Quantifying the Disease Ecology and Network Connectedness Across Pollinator Communities as a Result of Planted Pollinator Plots

Project Overview

GS19-215
Project Type: Graduate Student
Funds awarded in 2019: $16,500.00
Projected End Date: 08/31/2021
Grant Recipient: North Carolina State University
Region: Southern
State: North Carolina
Graduate Student:
Major Professor:
Dr. David Tarpy
North Carolina State University

Commodities

  • Animals: bees

Practices

  • Crop Production: pollinator habitat

    Abstract:

    As much as 30 percent of the American diet is a direct result of animal pollination, the majority of which is provided by bees. This bee pollination equates to more than $18 billion worth of crops annually in the United States alone. Despite their significant economic value, bees — both honey bees and native bees — are facing severe population pressures from multiple factors including habitat loss, pathogens, pesticides, climate change, and increased monoculture. These pressures can lead to severe population declines. Recently, providing pollinators with augmented habitat as a conservation method has become an increasingly popular trend. Much of this effort has been centered around adding habitat into the agricultural landscape to promote floral resources for beneficial arthropods and pollinators. Building on this trend, the NC Department of Agriculture and Consumer Services (NCDA&CS) has recently implemented an initiative called “Protecting NC Pollinators,” that mandates the planting of pollinator habitat at all Experimental Agricultural Research Stations across the state — which is the focus of this study. Despite the increasing popularity of augmented habitat, there are still many gaps in the empirical research documenting the impact of this tool. This study fills this gap by documenting the bee communities found on NCDA&CS research stations across the state — resulting in the most detailed survey of native bees in the state to date — measuring the pathogen ecology of the bee communities in this habitat to ensure that pollinator health is supported, and finally, measuring the impact habitat has on crop output.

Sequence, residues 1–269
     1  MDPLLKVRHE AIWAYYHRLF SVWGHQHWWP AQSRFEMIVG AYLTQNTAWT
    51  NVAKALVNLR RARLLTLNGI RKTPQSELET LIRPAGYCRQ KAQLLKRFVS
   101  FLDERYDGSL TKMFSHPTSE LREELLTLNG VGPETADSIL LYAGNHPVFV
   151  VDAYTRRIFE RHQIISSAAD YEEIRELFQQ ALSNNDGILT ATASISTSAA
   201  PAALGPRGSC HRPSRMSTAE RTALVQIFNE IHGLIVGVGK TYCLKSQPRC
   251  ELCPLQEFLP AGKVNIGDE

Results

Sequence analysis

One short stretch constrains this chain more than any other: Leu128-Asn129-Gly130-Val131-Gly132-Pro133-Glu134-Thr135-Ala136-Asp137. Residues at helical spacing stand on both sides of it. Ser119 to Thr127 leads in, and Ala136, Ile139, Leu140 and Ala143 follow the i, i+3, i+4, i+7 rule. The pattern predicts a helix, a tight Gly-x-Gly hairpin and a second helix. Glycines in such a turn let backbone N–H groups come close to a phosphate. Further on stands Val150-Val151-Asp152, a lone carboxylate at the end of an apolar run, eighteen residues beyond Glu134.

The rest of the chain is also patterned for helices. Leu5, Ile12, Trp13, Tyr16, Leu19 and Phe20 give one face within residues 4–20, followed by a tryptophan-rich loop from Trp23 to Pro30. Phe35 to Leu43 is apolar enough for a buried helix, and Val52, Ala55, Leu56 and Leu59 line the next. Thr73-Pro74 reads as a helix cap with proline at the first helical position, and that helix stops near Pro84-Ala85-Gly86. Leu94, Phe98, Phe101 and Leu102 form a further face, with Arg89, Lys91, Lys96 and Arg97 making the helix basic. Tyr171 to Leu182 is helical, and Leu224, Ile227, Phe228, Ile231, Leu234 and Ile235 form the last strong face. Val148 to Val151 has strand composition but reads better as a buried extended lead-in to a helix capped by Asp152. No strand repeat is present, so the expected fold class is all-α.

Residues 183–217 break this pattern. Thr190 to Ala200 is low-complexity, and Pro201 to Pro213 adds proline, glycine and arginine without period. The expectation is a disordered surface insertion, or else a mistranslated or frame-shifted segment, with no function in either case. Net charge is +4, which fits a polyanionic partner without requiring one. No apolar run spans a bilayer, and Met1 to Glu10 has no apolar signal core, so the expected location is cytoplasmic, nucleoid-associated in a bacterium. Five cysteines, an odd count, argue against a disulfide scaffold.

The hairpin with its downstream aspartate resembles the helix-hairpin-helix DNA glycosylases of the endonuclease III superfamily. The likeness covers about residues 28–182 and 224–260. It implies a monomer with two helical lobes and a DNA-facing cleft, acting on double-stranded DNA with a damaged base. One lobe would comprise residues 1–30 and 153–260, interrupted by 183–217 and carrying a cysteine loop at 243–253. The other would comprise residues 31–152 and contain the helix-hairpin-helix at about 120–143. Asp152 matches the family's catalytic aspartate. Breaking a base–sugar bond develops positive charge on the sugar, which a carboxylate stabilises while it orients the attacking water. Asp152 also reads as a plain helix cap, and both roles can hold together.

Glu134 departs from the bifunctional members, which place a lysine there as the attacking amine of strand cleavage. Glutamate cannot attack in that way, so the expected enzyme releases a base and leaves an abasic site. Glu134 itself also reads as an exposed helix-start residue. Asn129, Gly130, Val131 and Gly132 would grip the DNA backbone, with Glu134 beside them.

Project objectives:

    • Screen bee samples for pathogens;
    • Document pollinator networks at the plots and a nearby crop;
    • Measure the impact of the plots on crop output.
    Any opinions, findings, conclusions, or recommendations expressed in this publication are those of the author(s) and do not necessarily reflect the view of the U.S. Department of Agriculture or SARE.